Such a fundamental demand picture appears conducive of further appreciation in the gold price, and this now wider and stronger global demand base is part of the reason why analysts such as legendary trader James Sinclair believe that gold will surpass $10,000/ounce. This forecast might seem outlandish, but Mr Sinclair holds a fairly legendary position in the precious metals markets, and for good reason. Readers should note that when gold was a veritable back-water, in 2000, Mr Sinclair called for a price target of $1,760 in ten years’ time. His price target was hit in August 2011, rather poetically on the day of the August GATA conference in London. Being one year late with the realisation of his price target is extremely impressive. Can he forecast it correctly again? We cannot be sure, but he is better placed than almost anyone else to try.
The better diversified global investment demand has apparently also brought some stability to the gold price, which is reassuring for those that talk of gold as a store of value. Price volatility of an asset is not helpful when investors are looking to use gold as a savings mechanism and wealth preservation tool for their liquidity. This is good news and although volatility may have risen since 2008, the WGC tell us that:
‘This geographical demand shift is likely one of the reasons that average gold price volatility is lower for each represented year since 1980… Gold also becomes less susceptible to shard swings, heralding its value as a tail-risk hedge’.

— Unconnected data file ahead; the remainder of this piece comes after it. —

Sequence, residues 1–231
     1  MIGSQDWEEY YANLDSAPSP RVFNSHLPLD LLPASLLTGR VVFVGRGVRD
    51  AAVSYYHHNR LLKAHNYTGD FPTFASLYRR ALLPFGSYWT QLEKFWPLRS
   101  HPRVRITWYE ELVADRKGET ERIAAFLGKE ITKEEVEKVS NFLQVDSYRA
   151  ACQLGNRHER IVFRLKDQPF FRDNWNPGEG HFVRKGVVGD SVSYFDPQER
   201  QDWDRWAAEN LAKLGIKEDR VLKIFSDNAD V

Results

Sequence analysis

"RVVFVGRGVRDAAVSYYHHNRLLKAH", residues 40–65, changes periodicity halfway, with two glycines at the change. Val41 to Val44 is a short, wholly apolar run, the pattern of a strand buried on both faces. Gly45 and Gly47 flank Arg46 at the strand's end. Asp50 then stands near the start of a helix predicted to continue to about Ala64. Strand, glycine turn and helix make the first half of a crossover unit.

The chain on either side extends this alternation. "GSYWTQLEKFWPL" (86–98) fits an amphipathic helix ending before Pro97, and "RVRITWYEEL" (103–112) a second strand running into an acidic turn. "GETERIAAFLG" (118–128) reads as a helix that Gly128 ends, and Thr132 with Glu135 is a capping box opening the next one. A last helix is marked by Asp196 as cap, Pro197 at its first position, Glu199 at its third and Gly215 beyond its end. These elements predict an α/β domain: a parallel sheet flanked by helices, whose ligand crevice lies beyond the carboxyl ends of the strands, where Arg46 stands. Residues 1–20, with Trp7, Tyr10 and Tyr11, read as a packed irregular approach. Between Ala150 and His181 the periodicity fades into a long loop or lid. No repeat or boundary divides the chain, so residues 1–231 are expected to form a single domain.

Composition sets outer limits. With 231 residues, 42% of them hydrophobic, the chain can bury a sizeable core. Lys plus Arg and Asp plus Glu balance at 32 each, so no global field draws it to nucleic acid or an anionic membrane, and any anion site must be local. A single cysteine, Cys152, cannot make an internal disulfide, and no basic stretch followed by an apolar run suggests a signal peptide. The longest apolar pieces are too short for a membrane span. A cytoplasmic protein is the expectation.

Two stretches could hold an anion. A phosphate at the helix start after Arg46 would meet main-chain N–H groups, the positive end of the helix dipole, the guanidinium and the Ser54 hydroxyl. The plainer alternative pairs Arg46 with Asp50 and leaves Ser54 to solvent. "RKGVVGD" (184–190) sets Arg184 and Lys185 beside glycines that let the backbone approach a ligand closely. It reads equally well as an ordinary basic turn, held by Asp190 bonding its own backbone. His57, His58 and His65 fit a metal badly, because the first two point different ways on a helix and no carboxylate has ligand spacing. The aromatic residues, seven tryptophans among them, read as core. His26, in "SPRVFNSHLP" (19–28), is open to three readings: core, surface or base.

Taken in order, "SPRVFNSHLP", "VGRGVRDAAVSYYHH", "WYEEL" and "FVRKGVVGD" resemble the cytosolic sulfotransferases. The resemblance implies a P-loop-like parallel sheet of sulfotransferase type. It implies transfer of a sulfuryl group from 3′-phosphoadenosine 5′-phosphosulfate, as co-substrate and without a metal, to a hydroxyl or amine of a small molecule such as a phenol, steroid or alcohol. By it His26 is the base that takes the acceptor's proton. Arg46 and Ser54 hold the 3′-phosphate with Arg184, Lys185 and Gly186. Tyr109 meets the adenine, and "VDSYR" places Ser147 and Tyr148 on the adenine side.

When looking at the supply of gold to the market, the news also seems favourable. Scrap supply is still significant at circa 38%, but mine supply remained stable growing 2% year on year.
As members of the camp who urge gold as a store of value and effective savings mechanism, it was positive to see continued healthy balancing of gold’s geographical mining supply. During gold’s last bull market (1970 – 1980) the market was overly reliant on Africa, especially South Africa, for its supply. This presented a geographical risk to supply. Today gold supply is also geographically diversified on a global basis as the column on the right of the graph below shows us.
With a potentially more assured supply to the market, another potential cause of gold price volatility may be being sated. Today no single country provides more than 14% of global mine supply, and China is now the world’s largest producer (13%), followed by Australia (10%), the USA (9%), and Russia and South Africa (8% each). As the WGC comment:
‘This lack of concentration serves as a buffer against risks stemming from individual countries, a facet of gold that differentiates from the other precious metals, which have siginificant production concentration’.
This does indeed place gold apart form other precious metals, such as platinum where close to two thirds of supply comes from South Africa and and most of the remainder coming from Russia. It is for reasons such as this that observers like Rick Rule talk of investors and savers looking to gold for reasons of ‘fear’, but more speculative investors look to the white metals with a greater ‘greed’ motive.